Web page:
Before you say anything, we admit: it’s not exactly apple season. But such is the joy of cravings. This past Memorial Day Weekend we went camping at Steamboat Lake State Park in northern Colorado. On Sunday we attempted to climb Hahns Peak, an almost-11,000-foot peak just north of the lake. The girls did great, doing much of the hiking under their own power. But we turned back shy of the summit because of deep snow still in the trees.
On our way down the mountain and back to the car—with the girls now on our backs in kid-carrier backpacks—our older daughter Marin expressed a craving for caramel apples. The nearby Columbine General Store didn’t have any caramel apples, unfortunately. But as you’ve probably experienced, once a craving sets in, it’s hard to ignore until it’s been satisfied. And so this week we set to work delivering on that craving. This is the result!
Makes 6 apples
1/4 cup butter (or coconut oil)
1 cup packed brown sugar
1/2 cup agave nectar
1 cup heavy cream (or coconut cream*)
1 tsp GF pure vanilla extract
6 whole, room-temperature apples
1. In a saucepan, combine the butter, brown sugar, agave nectar, and salt, and bring to a boil.
2. Add the cream and stir. Then bring it to 250–252 deg F.
3. Meanwhile, prepare an ice water bath large enough for the pan to fit.
4. When the caramel reaches temperature, add the vanilla, and place the pan in the ice water until the bubbling stops.
5. Remove from the ice water bath, and stir slowly until the caramel is very smooth.
6. Allow the caramel to cool for about two minutes.
7. Meanwhile, place a layer of parchment paper on a baking sheet and sprinkle lightly with granulated sugar.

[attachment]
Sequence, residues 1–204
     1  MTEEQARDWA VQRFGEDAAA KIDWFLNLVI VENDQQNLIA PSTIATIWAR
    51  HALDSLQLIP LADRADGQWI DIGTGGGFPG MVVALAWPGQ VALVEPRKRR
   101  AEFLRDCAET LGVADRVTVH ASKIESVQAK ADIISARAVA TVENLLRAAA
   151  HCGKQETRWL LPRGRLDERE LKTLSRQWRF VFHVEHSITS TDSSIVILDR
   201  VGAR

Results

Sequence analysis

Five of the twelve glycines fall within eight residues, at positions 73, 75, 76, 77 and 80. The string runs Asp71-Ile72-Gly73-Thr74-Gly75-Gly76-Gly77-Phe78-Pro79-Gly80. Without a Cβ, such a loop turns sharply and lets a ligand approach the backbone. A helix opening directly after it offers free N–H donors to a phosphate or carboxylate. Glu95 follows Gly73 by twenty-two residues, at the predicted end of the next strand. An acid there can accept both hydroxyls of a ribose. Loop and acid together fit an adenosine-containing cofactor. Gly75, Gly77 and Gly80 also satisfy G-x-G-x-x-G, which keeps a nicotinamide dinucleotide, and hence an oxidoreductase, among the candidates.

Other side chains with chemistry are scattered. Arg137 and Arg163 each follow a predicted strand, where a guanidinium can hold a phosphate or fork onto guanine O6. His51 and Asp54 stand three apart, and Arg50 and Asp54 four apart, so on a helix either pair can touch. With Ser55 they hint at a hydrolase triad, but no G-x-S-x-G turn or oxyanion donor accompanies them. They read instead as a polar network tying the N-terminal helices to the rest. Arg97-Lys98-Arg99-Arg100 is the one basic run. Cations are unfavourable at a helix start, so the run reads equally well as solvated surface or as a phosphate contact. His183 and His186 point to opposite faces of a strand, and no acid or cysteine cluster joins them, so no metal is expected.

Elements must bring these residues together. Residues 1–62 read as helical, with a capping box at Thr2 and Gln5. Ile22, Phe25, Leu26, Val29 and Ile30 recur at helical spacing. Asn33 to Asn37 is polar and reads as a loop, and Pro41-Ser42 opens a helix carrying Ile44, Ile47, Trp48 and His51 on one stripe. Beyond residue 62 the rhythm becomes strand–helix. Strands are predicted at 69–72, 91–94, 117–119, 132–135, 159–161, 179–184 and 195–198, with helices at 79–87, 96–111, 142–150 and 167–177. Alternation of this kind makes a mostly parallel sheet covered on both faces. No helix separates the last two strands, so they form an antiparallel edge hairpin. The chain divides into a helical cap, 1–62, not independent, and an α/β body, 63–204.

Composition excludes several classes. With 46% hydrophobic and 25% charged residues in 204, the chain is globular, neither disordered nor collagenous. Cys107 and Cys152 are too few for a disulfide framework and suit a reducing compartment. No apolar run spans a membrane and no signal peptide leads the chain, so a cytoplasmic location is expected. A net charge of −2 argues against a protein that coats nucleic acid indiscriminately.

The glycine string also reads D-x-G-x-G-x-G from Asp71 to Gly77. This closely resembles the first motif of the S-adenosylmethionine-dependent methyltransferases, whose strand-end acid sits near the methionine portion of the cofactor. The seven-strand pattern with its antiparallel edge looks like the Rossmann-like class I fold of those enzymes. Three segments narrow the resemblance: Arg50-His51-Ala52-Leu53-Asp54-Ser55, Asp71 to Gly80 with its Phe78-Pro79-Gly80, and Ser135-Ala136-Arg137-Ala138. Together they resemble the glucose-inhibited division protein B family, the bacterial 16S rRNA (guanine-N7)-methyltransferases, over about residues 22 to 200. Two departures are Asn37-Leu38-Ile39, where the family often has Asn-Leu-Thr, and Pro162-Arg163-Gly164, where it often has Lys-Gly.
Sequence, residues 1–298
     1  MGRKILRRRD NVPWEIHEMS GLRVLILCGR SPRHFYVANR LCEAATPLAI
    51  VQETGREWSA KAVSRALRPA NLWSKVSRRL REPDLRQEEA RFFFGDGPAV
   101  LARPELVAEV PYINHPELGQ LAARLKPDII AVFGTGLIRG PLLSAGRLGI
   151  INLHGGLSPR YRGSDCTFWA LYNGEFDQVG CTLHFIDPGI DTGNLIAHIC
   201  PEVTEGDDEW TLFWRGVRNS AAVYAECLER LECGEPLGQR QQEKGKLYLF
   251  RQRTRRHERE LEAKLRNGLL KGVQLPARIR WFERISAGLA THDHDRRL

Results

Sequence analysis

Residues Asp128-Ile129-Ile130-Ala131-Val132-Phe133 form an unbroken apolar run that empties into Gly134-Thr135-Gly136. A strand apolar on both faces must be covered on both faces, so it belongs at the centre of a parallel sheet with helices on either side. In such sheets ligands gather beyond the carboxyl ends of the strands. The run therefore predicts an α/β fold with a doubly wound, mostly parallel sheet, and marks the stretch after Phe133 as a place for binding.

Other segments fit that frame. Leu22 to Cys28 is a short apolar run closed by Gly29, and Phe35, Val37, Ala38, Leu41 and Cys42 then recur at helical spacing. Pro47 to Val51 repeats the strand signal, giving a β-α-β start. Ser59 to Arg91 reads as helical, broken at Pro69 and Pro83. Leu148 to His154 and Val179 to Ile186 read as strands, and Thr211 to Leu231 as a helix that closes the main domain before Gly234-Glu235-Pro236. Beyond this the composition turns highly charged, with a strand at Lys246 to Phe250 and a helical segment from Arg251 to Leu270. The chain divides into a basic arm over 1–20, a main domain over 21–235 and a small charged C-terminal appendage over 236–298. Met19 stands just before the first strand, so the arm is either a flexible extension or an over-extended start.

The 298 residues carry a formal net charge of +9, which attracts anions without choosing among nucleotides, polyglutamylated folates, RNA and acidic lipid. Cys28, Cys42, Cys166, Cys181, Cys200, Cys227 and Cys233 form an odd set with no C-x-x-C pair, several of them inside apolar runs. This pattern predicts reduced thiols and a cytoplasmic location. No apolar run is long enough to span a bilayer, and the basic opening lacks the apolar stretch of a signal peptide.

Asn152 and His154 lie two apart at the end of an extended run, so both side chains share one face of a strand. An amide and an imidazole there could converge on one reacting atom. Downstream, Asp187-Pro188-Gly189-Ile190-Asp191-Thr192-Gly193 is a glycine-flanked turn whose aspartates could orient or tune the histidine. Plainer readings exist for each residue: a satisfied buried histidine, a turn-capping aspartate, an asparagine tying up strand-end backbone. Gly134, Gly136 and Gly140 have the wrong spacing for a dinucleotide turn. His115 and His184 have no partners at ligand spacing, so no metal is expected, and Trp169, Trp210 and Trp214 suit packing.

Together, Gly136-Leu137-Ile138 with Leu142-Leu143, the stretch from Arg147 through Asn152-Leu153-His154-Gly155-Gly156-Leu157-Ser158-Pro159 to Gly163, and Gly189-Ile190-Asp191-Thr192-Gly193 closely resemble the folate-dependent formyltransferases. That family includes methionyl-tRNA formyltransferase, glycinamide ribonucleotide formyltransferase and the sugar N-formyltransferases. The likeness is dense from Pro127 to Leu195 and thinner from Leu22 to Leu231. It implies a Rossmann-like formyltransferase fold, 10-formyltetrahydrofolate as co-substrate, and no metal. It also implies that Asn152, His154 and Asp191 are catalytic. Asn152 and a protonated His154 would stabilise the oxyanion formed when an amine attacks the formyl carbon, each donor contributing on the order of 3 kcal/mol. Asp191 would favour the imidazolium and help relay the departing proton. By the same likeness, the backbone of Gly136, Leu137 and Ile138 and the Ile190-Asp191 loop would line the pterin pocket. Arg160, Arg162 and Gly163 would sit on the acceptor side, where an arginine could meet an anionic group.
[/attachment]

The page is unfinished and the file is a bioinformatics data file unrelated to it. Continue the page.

8. Skewer your apples, then prepare to dip! Slowly roll each apple in the caramel to evenly coat. Hold out of the caramel and let drip for 20 seconds. Then invert and hold for another 20 seconds. Place the apples on the prepared parchment paper.
Caramel can be a fickle beast. Many recipes recommend bringing the caramel to 248–250 deg F. This results in a lighter and very smooth caramel, but in our experience it’s too “loose”—the caramel remains soft and eventually oozes off your apple over time. Meanwhile, bringing the caramel up to 255 deg F results in a darker, richer caramel, but one that is prone to developing air bubbles as it cools on the apples and is a touch too firm. The sweet spot—metaphorically and literally speaking—is 252 deg F. Store finished apples at room temp; do not refrigerate.
*For the coconut cream, your goal is to separate the coconut cream from the coconut milk in a 14-ounce can of full fat coconut milk. Place the can in the refrigerator for at least 4 hours. Use a puncture can opener to pour the milk out of the bottom of the can. Then use the remaining coconut cream to prepare the recipe. (The coconut milk can be reserved for another use.)
Degrees of Free-dom
This recipe is: gluten/wheat-free, peanut-free, tree-nut-free, soy-free, fish-free, shellfish-free, vegetarian, and corn-syrup-free (most caramel includes some corn syrup).
This recipe is also easily made dairy/lactose/casein-free and vegan by substituting coconut oil and coconut cream for the butter and heavy cream. In fact, the photo above is of the dairy-free version!
–Pete and Kelli